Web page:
Evaluating the Effects of Height-Variable Reflectivity and Antenna Sidelobes on the Radar Equation

Edwin F. Campos Meteorological Research Division, Environment Canada, Toronto, Ontario, Canada

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Wayne Hocking Department of Physics, University of Western Ontario, London, Ontario, Canada

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Frédéric Fabry Department of Atmospheric and Oceanic Sciences, McGill University, Montreal, Quebec, Canada

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Abstract

Using radar observations to quantify precipitation intensity requires the intervention of the radar equation, which converts the precipitation signal into reflectivity units. This equation generally assumes that the reflectivity is uniform within each sampling gate and that the sidelobes of the antenna pattern are negligible. The purpose here is to provide a more realistic approach that eliminates these assumptions when computing profiles of precipitation intensity (by using a height-variable reflectivity and antenna pattern of significant sidelobes to compute profiles of a radar reflectivity factor). To achieve this, simultaneous observations of collocated vertically pointing radars operating in the VHF and X bands were obtained. Raindrop measurements were used to correct for attenuation in the precipitation signal at the X band. Then the precipitation signal in the VHF radar was simulated by combining this X-band signal and the VHF antenna pattern into a general version of the radar equation. The simulated precipitation signal at VHF compares well with actual measurements of the rain signal (range gates centered at 2.5, 3.0, and 3.5 km) by the VHF radar, and this validates the analysis methods. In conclusion, the analysis indicates that VHF reflectivity at gates above the melting layer is artificially enhanced by the precipitation signal collected in the sidelobe direction. Similar enhancement will be expected wherever there is a strong vertical gradient of reflectivity (i.e., on the order of 10 dB km−1 or larger).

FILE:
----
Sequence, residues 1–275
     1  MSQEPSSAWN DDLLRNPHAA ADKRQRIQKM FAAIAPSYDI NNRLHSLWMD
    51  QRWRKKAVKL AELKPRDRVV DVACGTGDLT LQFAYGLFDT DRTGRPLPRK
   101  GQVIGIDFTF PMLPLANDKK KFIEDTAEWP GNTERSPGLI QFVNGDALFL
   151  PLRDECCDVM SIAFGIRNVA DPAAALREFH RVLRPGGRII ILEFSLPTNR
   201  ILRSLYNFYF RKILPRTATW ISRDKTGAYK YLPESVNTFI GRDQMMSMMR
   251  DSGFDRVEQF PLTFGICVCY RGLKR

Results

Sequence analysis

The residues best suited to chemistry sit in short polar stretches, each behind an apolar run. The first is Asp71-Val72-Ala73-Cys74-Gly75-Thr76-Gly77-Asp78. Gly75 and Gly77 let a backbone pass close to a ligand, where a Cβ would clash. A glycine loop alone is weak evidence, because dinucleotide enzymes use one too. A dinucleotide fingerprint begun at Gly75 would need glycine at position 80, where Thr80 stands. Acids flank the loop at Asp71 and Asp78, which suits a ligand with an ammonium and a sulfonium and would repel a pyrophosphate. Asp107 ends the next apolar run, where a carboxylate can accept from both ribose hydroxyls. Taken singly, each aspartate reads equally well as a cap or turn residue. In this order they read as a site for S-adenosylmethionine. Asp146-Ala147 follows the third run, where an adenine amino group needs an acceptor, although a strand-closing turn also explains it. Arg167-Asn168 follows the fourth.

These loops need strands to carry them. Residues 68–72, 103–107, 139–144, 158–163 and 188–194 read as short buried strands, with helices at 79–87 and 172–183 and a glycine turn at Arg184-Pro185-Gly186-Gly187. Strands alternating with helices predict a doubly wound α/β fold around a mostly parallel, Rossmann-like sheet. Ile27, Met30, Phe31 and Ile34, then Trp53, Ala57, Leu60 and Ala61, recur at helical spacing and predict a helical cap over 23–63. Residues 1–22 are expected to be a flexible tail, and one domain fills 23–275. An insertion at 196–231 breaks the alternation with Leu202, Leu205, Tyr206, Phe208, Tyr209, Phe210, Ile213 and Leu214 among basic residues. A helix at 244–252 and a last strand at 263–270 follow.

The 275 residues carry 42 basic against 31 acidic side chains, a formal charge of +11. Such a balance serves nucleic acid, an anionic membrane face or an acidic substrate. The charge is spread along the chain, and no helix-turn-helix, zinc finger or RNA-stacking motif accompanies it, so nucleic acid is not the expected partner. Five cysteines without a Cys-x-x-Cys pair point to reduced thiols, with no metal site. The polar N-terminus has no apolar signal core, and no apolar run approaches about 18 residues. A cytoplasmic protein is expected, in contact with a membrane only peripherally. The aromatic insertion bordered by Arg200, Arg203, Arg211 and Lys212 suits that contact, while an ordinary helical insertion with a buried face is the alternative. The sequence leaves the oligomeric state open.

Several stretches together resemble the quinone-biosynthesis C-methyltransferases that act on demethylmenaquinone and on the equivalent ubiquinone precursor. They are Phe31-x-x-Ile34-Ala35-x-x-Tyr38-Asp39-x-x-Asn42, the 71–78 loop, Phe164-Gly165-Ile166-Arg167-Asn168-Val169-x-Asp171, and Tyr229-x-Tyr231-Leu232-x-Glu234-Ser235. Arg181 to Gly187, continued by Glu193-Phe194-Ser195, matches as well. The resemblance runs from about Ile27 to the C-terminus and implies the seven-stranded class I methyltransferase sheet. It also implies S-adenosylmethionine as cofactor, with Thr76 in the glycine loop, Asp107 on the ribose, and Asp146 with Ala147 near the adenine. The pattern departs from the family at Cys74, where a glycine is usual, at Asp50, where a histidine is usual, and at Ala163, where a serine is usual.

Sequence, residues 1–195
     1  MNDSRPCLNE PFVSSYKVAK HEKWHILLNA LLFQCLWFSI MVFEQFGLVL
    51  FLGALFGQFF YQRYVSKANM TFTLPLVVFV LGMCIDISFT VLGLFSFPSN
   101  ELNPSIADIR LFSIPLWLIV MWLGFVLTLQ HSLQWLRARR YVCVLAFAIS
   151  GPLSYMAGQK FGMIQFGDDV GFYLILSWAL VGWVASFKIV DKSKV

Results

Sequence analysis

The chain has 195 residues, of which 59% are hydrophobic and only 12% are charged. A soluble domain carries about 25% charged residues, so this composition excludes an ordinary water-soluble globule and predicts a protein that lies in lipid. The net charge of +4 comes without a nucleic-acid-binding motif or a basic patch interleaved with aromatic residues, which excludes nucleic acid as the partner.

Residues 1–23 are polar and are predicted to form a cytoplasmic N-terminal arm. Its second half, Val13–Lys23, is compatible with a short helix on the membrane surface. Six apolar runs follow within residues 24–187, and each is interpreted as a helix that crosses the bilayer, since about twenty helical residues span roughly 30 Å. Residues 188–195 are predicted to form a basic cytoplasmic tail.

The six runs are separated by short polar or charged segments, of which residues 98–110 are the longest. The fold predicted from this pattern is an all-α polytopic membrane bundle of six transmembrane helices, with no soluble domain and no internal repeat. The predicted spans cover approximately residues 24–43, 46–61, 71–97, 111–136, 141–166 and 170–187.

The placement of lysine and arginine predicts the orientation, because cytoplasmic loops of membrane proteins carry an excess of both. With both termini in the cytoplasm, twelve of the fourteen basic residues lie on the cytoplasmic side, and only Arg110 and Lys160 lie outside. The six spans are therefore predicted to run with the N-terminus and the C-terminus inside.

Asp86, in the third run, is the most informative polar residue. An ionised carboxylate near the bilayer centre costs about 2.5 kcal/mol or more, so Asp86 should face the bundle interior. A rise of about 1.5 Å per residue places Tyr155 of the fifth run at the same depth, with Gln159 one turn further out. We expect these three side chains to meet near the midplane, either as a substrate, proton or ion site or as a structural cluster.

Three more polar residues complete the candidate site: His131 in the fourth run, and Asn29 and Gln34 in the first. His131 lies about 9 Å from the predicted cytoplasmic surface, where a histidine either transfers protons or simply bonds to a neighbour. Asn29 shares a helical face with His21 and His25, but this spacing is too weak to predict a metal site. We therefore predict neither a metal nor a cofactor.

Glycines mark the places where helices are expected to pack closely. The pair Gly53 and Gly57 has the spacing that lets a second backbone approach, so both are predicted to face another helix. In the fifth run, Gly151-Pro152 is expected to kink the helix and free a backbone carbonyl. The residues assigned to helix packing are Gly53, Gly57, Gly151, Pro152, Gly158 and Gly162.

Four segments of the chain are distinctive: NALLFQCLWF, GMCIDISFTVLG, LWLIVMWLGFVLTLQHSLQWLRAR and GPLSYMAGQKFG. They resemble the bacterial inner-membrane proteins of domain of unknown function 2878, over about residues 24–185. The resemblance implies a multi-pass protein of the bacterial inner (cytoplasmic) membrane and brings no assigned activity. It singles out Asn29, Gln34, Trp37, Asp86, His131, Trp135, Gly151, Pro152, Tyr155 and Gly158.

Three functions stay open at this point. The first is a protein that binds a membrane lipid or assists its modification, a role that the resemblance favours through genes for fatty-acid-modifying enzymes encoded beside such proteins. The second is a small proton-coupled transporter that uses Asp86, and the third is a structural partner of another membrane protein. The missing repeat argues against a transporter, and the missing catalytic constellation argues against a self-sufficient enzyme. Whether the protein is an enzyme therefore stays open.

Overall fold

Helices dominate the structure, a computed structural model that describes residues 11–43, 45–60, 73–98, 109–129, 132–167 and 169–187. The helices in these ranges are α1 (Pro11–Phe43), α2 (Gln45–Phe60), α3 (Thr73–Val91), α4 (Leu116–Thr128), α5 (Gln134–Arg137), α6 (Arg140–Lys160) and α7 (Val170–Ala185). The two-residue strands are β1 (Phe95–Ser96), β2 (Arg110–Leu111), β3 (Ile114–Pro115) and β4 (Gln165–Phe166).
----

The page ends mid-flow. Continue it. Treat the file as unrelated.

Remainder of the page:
Corresponding author address: Dr. Edwin Campos, Environment Canada–ARMP/MRD/STB, 4905 Dufferin Street, Toronto, ON M3H 5T4, Canada. Email: edwin.campos@ec.gc.ca

This article included in the Fifth International Symposium on Tropospheric Profiling (ISTP) special collection.

Abstract

Using radar observations to quantify precipitation intensity requires the intervention of the radar equation, which converts the precipitation signal into reflectivity units. This equation generally assumes that the reflectivity is uniform within each sampling gate and that the sidelobes of the antenna pattern are negligible. The purpose here is to provide a more realistic approach that eliminates these assumptions when computing profiles of precipitation intensity (by using a height-variable reflectivity and antenna pattern of significant sidelobes to compute profiles of a radar reflectivity factor). To achieve this, simultaneous observations of collocated vertically pointing radars operating in the VHF and X bands were obtained. Raindrop measurements were used to correct for attenuation in the precipitation signal at the X band. Then the precipitation signal in the VHF radar was simulated by combining this X-band signal and the VHF antenna pattern into a general version of the radar equation. The simulated precipitation signal at VHF compares well with actual measurements of the rain signal (range gates centered at 2.5, 3.0, and 3.5 km) by the VHF radar, and this validates the analysis methods. In conclusion, the analysis indicates that VHF reflectivity at gates above the melting layer is artificially enhanced by the precipitation signal collected in the sidelobe direction. Similar enhancement will be expected wherever there is a strong vertical gradient of reflectivity (i.e., on the order of 10 dB km−1 or larger).

Corresponding author address: Dr. Edwin Campos, Environment Canada–ARMP/MRD/STB, 4905 Dufferin Street, Toronto, ON M3H 5T4, Canada. Email: edwin.campos@ec.gc.ca

This article included in the Fifth International Symposium on Tropospheric Profiling (ISTP) special collection.

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